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FORA and FORA-Assisted Building Removal History

The adopted 1997 Base Reuse Plan (BRP) provided opportunity for negotiations with the U.S. Army to allow “no cost” transfer of redevelopment land to local land use jurisdictions. The sole contributing consideration that facilitated the “no cost” Economic Development Conveyance (EDC) land transfer was the impact on local jurisdictions to accomplish the mandatory cleanup and removal of over 90 years of Army building at former Fort Ord.

The Army left behind approximately 3,500 buildings that offered little or no use to the civilian community, ranging in age from the early 1900s to the late 1980s. These buildings have become dilapidated over time, contain various forms of hazardous materials and are frequently targeted sites for vandalism and illegal dumping in close proximity to various occupied buildings. The occupied buildings are the result of building reuse-in-place, or new construction following building deconstruction. There are no foreseen uses for the remaining dilapidated buildings. It has become cost prohibitive to remodel them due to the amount of hazardous materials, health and safety code issues, and engineering challenges they present.

FORA has actively pursued understanding former Fort Ord building removal complexities and costs and applying lessons- learned to manage removal costs while protecting human health and the environment. Since 1996, FORA has removed over 500 World War II (WWII) era wooden structures (approximately 4,000,000 square feet), achieving an approximate 90% building material recycling rate (by weight). Over the course of FORA’s building removal program, the potential for job creation and economic recovery through opportunities in deconstruction, building reuse, and recycling were researched, and remediation techniques were established that created efficiency and identified cost savings. FORA shared these lessonslearned with California State University Monterey Bay (CSUMB) to establish a building removal program for their approximately 330 former Army buildings.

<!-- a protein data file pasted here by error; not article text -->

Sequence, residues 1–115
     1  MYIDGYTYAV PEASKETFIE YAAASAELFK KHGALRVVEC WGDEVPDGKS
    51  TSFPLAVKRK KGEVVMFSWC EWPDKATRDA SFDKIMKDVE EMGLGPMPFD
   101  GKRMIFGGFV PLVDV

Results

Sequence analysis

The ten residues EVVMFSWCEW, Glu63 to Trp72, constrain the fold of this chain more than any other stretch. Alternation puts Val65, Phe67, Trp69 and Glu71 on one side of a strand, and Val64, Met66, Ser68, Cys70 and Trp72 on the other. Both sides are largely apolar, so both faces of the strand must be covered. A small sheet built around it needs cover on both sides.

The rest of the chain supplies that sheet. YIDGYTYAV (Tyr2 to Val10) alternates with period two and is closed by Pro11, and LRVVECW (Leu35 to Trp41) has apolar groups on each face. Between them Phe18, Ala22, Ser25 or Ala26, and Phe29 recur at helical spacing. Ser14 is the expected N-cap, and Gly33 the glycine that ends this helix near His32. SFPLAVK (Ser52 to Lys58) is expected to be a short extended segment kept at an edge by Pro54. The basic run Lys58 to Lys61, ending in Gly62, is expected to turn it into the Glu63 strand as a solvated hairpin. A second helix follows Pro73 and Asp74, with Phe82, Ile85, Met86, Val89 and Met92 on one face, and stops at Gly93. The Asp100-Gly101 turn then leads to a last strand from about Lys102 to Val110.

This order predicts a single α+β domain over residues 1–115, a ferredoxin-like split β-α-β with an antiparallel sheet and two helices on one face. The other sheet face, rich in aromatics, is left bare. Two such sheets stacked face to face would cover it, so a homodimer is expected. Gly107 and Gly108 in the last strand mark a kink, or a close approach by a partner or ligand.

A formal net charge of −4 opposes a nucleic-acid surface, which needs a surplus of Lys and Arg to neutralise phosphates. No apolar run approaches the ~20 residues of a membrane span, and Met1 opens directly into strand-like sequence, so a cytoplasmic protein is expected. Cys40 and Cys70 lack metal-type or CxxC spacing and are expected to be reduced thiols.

Building Removal Activity History

Snapshot of the Comprehensive Building Removal on the former Fort Ord to date

FORA has provided approximately $48.3 million in funding or land-sales revenue reduction to remove buildings or assist jurisdictions and their land reuse developers with removal. To date, FORA, CSUMB, the Army’s Residential Communities Initiative and the jurisdictions (with the help of their developers) have coordinated to reuse or remove buildings on the former Fort Ord. The diagram above illustrates the status of building reuse and removal on the former Fort Ord.

blight removal map

Click HERE for a locations map illustrating building reuse and removal status.

FORA Building Removal Obligation in the City of Seaside and Marina

In August 2015, FORA staff met with City of Seaside staff to utilize existing FORA CIP Building Removal funds to hire an Industrial Hygienist Company to survey the hazardous materials in 27 dilapidated Surplus II Buildings. Seaside is anxious to understand the extent of hazardous materials present and better understand the cost to remove the remaining Surplus II buildings. Similarly, the City of Marina is anxious to begin removing the former Fort Ord stockade complex buildings. FORA has allocated $2.2M to the removal of the stockade and has begun talks with the City staff on how best to coordinate the removal to minimize impacts on adjacent property users. The stockade removal process involves three stages: Industrial Hygienist hazards material surveys, hazardous material abatement, and building removal.

The diagram below illustrates economic and job benefits by investing funds for building removals in Seaside Surplus II and the Marina Stockade.

A full history of building removal can be found in the Capital Improvement Program (CIP).